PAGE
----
The Pomelo, also know as pomello, pummelo, pommelo, pamplemousse, jabong, batabi or jambura, zambura or shaddock… to name a few… is a citrus fruit that looks a lot like a grape fruit. Nothing beats a tray of this mouth watering fruit in the Asian heat.

Failing that, a mango smoothie was our go-to fix.

A Temple A Day

Visiting the many temples in Chiang Mai was magical. Both the old historic structures and the newer colorful buildings hold a mystical charm. The history behind each temple is unique and has a story that is part of the rich Buddhist faith.

By far, one of my favourite temples, although rather un-kept and unknown was Wat Ched Yot. I woke up early one morning and did a Google Map search of my surroundings and happened across this temple which is a centre of pilgrimage for those born in the year of the Snake. Being born in the year of the snake, I undertook my 25 minute pilgrimage to the temple.

We arrived before the Monks have even woken up, so my son and I explored the beautiful grounds shared only by a few local chickens. an hour later, we time traveling to the ultra modern Maya Mall for breakfast. It boggles my mind how two completely different world coexist so fluidly in Chiang Mai.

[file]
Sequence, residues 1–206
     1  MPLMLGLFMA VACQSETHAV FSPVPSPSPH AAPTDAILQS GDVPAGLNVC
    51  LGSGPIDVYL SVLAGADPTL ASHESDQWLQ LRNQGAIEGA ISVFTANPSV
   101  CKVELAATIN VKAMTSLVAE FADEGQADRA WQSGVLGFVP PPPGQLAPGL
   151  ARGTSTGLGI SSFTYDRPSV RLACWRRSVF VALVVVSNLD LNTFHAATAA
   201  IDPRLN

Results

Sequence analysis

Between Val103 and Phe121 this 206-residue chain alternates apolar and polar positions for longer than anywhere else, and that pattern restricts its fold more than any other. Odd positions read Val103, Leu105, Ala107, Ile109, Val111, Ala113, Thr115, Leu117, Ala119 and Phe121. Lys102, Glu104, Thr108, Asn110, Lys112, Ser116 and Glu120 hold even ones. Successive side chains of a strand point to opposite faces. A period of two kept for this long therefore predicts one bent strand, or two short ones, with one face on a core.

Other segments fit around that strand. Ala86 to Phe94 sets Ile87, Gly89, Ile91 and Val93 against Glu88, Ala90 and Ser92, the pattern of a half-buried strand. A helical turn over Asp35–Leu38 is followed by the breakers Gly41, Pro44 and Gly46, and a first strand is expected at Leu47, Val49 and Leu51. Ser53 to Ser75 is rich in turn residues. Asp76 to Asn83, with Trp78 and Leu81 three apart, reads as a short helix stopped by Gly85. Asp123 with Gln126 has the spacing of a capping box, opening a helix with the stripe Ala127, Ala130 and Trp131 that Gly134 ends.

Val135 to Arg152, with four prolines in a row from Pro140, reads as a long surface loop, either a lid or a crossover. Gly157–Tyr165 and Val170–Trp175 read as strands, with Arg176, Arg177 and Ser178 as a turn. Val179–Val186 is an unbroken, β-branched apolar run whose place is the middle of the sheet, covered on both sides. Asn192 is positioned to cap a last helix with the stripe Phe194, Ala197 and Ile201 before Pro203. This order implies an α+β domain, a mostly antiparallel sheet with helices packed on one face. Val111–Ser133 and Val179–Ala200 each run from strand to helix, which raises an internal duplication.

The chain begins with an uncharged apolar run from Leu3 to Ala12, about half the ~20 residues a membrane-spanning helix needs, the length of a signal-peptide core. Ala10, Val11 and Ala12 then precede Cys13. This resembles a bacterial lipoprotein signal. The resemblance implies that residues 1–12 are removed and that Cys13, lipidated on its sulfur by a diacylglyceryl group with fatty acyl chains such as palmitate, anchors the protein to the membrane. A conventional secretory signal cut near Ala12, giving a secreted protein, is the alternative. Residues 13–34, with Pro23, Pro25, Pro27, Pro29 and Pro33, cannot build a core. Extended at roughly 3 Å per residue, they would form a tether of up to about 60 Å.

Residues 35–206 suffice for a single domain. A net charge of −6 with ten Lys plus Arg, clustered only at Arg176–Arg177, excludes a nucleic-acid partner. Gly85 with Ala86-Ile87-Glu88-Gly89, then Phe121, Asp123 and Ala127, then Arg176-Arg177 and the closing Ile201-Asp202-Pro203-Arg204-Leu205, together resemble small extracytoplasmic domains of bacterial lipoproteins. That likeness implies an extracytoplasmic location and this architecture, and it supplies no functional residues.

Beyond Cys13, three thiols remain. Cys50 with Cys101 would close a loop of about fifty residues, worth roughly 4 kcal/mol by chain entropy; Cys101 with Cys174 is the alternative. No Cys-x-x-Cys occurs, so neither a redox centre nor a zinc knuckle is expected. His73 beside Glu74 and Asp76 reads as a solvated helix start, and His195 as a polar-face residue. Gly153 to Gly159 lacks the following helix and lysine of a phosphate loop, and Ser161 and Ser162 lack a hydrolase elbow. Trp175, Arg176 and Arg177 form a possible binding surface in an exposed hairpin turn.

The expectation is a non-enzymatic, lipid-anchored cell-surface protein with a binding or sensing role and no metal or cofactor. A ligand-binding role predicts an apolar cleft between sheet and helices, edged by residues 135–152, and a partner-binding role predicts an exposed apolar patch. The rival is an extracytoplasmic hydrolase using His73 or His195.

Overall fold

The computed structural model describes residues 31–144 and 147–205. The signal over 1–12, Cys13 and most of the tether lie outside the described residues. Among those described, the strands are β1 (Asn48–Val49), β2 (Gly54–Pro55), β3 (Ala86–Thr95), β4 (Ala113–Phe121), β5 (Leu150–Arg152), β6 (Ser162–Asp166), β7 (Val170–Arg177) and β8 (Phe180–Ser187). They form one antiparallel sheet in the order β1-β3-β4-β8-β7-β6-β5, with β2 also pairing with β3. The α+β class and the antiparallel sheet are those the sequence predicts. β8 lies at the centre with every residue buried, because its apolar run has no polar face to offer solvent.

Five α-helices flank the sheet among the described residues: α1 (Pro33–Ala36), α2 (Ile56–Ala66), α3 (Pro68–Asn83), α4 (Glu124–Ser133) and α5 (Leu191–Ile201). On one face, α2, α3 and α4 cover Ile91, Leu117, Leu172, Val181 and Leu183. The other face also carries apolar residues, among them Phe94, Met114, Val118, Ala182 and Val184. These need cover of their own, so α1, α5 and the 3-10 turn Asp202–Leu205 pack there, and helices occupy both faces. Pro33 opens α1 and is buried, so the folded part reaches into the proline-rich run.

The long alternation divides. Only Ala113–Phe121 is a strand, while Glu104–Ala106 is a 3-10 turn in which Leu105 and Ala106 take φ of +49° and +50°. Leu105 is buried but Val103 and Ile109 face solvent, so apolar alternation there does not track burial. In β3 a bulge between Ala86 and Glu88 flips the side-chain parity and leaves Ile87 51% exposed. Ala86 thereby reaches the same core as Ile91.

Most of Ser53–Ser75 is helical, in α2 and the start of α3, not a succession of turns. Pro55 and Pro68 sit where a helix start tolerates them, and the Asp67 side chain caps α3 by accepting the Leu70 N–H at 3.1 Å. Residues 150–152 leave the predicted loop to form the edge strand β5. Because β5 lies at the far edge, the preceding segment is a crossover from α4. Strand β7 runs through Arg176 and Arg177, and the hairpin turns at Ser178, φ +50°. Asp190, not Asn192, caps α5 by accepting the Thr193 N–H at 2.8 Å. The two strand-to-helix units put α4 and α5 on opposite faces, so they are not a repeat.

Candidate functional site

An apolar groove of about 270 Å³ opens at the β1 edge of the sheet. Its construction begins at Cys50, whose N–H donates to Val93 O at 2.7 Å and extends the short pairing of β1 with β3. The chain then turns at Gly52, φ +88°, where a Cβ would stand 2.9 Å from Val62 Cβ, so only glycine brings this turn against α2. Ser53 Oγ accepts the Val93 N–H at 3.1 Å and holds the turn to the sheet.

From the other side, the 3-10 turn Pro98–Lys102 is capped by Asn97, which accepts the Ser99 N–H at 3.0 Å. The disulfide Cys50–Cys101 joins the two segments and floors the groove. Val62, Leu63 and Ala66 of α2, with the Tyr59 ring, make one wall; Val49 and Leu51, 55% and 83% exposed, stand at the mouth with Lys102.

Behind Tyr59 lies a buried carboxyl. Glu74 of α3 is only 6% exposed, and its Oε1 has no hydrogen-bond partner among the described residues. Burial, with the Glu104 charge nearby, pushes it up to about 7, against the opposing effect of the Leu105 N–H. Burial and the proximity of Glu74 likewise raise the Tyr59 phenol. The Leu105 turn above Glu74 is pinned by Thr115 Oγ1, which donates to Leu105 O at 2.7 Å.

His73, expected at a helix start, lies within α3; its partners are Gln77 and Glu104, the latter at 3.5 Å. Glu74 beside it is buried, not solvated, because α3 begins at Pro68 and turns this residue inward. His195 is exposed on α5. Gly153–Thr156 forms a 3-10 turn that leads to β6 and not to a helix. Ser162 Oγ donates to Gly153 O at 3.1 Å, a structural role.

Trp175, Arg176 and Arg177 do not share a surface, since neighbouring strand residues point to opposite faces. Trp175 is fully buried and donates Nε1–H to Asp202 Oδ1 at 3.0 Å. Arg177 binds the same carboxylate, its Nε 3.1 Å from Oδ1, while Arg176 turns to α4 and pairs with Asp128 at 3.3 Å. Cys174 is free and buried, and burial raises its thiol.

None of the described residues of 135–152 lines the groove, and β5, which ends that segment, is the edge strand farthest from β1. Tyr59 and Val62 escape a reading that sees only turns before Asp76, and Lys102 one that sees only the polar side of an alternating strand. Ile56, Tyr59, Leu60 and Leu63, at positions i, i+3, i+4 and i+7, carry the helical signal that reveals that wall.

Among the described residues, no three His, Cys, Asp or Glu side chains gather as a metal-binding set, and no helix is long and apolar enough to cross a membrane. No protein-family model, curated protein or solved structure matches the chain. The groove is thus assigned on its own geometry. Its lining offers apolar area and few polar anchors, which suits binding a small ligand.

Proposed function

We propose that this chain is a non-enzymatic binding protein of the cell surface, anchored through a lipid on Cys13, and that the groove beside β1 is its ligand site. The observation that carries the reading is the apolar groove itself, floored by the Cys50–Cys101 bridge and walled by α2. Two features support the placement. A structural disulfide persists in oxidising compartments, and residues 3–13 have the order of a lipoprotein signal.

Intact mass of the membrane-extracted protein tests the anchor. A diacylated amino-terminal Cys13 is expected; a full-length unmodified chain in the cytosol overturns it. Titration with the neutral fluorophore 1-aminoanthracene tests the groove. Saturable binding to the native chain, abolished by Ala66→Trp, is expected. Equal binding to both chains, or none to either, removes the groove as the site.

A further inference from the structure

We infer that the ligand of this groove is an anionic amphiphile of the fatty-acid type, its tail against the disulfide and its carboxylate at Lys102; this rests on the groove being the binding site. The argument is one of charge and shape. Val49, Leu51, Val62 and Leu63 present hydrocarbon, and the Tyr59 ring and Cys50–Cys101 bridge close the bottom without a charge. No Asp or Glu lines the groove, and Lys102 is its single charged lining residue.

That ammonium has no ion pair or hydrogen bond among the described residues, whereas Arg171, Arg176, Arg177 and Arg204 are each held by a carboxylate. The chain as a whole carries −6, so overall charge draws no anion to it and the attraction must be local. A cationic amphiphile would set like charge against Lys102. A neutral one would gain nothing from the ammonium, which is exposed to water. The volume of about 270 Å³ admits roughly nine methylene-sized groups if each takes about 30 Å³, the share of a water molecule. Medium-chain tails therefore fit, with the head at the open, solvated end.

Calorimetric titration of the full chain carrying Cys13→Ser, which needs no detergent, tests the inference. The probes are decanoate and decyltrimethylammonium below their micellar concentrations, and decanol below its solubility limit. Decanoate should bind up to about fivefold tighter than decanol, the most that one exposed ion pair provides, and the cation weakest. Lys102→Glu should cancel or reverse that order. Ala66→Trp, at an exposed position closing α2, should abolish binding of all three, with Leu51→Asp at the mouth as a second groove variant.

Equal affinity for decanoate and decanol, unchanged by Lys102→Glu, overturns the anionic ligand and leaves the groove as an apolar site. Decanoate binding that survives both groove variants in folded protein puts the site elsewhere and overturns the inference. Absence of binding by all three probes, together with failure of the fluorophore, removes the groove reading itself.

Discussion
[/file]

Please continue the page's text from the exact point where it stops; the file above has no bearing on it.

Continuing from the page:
Wat Suan Dok is a Buddhist Royal Temple about 1km west of West gate, Suan Dok. The structures are tombs belonging to royalty all painted white in contrast to the color of the main temple where worshipers still gather.

On select days of the week, you can make a donation and spend time with a monk “Monk Chat” and ask him any questions you would like answered. This is definitely something I will have to do on my next visit.